Opponent
Supervisors
Projects
The Human Protein Atlas
Funder
Science for Life Laboratory - a national resource center for high-throughput molecular bioscience
Note

QC 20121017

Available from: 2012-10-17 Created: 2012-10-16 Last updated: 2013-04-15Bibliographically approved
3. Antibody-based subcellular localization of the human proteome
Open this publication in new window or tab >>Antibody-based subcellular localization of the human proteome
2016 (English)Licentiate thesis, comprehensive summary (Other academic)
Abstract [en]

This thesis describes the use of antibodies and immunofluorescence for subcellular localization of proteins. The key objective is the creation of an open-source atlas with information on the subcellular location of every human protein. Knowledge of the spatial distribution and the precise location of a protein within a cell is important for its functional characterization, and describing the human proteome in terms of compartment proteomes is important to decipher cellular organization and function.

 

Immunofluorescence and confocal microscopy of cultured cells were used for high-resolution detection of proteins on a high-throughput scale. Critical to immunofluorescence results are sample preparation and specific antibodies. Antibody staining of cells requires fixation and permeabilization, both of which can result in loss or redistribution of proteins and masking of epitopes. A high-throughput approach demands a standardized protocol suitable for the majority of proteins across cellular compartments. Paper I presents an evaluation of sample preparation techniques from which such a single fixation and permeabilization protocol was optimized. Paper II describes the results from applying this protocol to 4000 human proteins in three cell lines of different origin.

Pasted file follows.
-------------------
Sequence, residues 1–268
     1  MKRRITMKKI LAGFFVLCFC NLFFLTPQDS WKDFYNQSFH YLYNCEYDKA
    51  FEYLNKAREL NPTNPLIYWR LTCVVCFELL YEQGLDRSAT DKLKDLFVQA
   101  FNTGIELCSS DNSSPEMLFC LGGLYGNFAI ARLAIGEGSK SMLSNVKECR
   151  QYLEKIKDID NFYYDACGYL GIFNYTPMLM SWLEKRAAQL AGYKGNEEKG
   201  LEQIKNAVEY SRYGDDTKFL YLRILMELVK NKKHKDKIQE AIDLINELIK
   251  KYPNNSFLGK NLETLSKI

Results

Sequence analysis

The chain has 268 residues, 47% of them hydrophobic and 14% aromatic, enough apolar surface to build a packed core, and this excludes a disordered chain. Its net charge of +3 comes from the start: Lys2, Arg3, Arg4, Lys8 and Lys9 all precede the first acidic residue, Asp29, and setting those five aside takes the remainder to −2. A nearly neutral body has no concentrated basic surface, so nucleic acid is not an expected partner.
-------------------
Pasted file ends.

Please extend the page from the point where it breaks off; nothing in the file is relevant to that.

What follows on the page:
Paper III presents a strategy for application-specific antibody validation. Antibodies are the key reagents in immunofluorescence, but all antibodies have potential for off-target binding and should be validated thoroughly. Antibody performance varies across sample types and applications due to the competition present and the effect of the sample preparation on antigen accessibility. In this paper application-specific validation for immunofluorescence was conducted using colocalization with fluorescently tagged protein in transgenic cell lines. 

Place, publisher, year, edition, pages
Stockholm: KTH Royal Institute of Technology, 2016. viii, 53 p.
Series
TRITA-BIO-Report, ISSN 1654-2312 ; 2016:13
Keyword
Human proteome, Subcellular localization, Organelles, Immunofluorescence, Fixation, Permeabilization, Antibody validation
National Category
Cell Biology
Research subject
Biotechnology
Identifiers
urn:nbn:se:kth:diva-186138 (URN)978-91-7729-010-0 (ISBN)
Presentation
2016-06-08, Alfa2, Tomtebodavägen 23A, Solna, 14:00 (English)
Opponent
Supervisors
Funder
Knut and Alice Wallenberg Foundation
Note

QC 20160509

Available from: 2016-05-16 Created: 2016-05-02 Last updated: 2016-05-16Bibliographically approved

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Fagerberg, LinnSkogs, MarieHjelmare, MartinUhlén, MathiasLundberg, Emma